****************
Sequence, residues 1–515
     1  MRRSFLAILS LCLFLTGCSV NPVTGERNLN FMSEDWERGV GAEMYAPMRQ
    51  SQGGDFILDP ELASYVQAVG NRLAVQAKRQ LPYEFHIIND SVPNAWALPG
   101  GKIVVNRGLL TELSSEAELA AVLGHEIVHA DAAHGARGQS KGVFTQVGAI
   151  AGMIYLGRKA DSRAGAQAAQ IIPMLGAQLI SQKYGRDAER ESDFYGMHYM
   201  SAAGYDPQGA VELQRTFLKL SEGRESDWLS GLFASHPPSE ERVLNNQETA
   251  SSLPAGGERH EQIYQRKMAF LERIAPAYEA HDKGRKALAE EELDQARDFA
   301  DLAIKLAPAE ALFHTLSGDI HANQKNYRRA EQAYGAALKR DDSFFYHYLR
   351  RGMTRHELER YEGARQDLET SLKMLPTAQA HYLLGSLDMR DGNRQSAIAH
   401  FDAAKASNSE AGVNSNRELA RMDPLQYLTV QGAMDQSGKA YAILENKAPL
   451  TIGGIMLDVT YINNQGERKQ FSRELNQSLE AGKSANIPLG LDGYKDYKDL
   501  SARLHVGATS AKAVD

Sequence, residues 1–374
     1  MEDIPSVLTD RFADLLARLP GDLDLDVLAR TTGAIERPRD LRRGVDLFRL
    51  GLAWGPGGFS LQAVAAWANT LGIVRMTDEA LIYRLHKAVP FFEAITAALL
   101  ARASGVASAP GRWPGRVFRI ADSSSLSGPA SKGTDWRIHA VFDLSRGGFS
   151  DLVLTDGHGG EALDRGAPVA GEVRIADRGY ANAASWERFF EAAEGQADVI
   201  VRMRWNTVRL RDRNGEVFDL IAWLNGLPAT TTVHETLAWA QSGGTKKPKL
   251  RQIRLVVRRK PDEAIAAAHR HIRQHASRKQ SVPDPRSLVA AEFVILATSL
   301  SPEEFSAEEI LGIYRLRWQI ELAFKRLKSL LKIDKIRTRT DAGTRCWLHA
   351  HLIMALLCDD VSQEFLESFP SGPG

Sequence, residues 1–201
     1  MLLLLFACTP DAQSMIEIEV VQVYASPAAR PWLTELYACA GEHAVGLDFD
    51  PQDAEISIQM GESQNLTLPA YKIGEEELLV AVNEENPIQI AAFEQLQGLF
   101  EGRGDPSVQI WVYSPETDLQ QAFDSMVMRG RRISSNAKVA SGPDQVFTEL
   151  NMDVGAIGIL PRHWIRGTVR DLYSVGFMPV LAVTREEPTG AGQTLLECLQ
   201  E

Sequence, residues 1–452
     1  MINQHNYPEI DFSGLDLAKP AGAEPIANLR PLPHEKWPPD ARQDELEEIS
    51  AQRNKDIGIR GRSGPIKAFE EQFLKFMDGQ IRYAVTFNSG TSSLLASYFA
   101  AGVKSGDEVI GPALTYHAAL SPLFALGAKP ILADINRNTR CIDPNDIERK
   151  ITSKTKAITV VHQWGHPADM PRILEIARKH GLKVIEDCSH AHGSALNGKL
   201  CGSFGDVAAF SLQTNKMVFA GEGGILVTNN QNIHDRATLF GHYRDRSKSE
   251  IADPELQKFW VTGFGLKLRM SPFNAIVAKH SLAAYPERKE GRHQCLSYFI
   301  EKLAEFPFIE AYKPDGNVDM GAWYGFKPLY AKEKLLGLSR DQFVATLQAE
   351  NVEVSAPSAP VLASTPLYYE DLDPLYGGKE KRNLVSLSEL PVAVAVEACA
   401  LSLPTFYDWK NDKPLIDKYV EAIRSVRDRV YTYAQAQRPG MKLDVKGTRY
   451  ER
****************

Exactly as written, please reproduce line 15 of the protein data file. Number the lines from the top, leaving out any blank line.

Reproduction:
    51  GLAWGPGGFS LQAVAAWANT LGIVRMTDEA LIYRLHKAVP FFEAITAALL